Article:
Holidaying in Japan, a group of ignorant youths decide to take a break from the constant drinking and partying to check out an underground P*rno theatre. When said cinema turns out to be a hangout and occasional hangout for a local gangsters’ mob, the youths find themselves in for the fight of their life. It’s all fun and games, until someone breaks out the S&M masks.
One of the slew of torture movies which followed 2005’s Hostel, Live Feed sticks to a very familiar template. Kids go to a foreign country, drink too much and act disrespectful towards the local. Then, after pissing the wrong locals off a little too much, the poor kids wind up bound and violently tortured in some grungy dungeon or other. In that respect, Live Feed doesn’t disappoint.
Ryan Nicholson’s horror debut has a lower budget than many of its peers (Hostel and Turistas for example) but makes up for that in sheer nastiness. It looks cheaper than most and possesses no real name talent, but it does have a massive psychopath wearing an S&M mask doing horrible things with a snake. There’s even a little bit of gangster politics and cannibalism thrown in there too. Whatever else it does or doesn’t do, Live Feed is memorable for these aspects alone. I’ve seen a lot of torture films before and since, but Live Feed’s snakeater scene (eat your heart out Metal Gear Solid) has somehow stuck with me. It’s not one to watch if you have a fear of snakes.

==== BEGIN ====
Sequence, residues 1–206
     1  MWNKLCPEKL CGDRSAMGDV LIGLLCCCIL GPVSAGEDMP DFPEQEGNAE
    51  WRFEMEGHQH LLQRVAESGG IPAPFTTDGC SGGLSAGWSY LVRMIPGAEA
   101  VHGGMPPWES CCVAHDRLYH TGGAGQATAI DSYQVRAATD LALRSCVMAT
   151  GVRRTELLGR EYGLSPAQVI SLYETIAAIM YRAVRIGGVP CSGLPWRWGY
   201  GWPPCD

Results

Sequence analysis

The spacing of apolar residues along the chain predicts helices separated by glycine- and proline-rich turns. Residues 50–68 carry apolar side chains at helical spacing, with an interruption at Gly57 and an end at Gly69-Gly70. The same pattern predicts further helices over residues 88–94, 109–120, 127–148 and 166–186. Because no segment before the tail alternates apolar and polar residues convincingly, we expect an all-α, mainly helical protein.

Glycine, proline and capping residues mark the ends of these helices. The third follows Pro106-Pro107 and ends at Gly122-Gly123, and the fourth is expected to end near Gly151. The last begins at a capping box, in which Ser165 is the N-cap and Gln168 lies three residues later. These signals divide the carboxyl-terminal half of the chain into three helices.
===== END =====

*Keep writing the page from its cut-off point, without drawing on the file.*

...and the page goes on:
Rumour has it, for all of the ‘it’s a Hostel rip-off’ accusations, that father-and-son team Ryan and Roy Nicholson (now that’s what you call parent and child bonding) came up with the idea of Live Feed before Eli Roth and his Hostel. In this horror fan’s opinion, Live Feed is a much more effective movie than Hostel. While the latter is hampered by juvenile humour and Roth’s frat boy mentality, Live Feed is genuinely nasty, authentically exploitative and makes for much more uncomfortable viewing. It’s ugly, badly-written and unoriginal, but the lack of finesse only adds to the atmosphere. A ball gag or two wouldn’t have hurt though. This red tinged dungeon has to make do with a roll of duct tape, which is far less intimidating. Since the film feels inspired in part by the Gimp scene in Pulp Fiction anyway, a couple of ball gags would have been much more fitting. Still, the snake more than makes up for the lack of S&M gear elsewhere, as does our killer’s mask and rubber fetish.
A variety of horrendously lit neon backdrops β from green to red and blue β add to the film’s uncomfortable, alien feel, as does the relentlessly electronic background music and Japanese setting. There may be a few too many stereotypes at play, but this is entirely in-keeping with the exploitation vibe the film has going for it. It’s never scary, but it does make for impressively unpleasant viewing. While Hostel always felt like a Hollywood flick imitating a Takashi Miike movie, Live Feed is a little closer to the real deal. It’s nowhere near as good as a Takashi Miike, but it’s still better than an Eli Roth. One would be intrigued to see what Nicholson and son can do with a real budget. They show no sign of selling out anytime soon though, with the garishly titled Three on a Meathook entering pre-production now.
Horror fans who like a little more story from their extreme exploitation would be better off looking elsewhere. Likewise, those who like their gore to be believable and realistic will be put off by some of the dodgier special effects and cheap cinematography. Live Feed is not a great film, nor is it even a particularly good one. It is effective though, in its own cheap and nasty sort of way. At the very least, it’ll probably put you off take-away food for a while.
Live Feed (2006)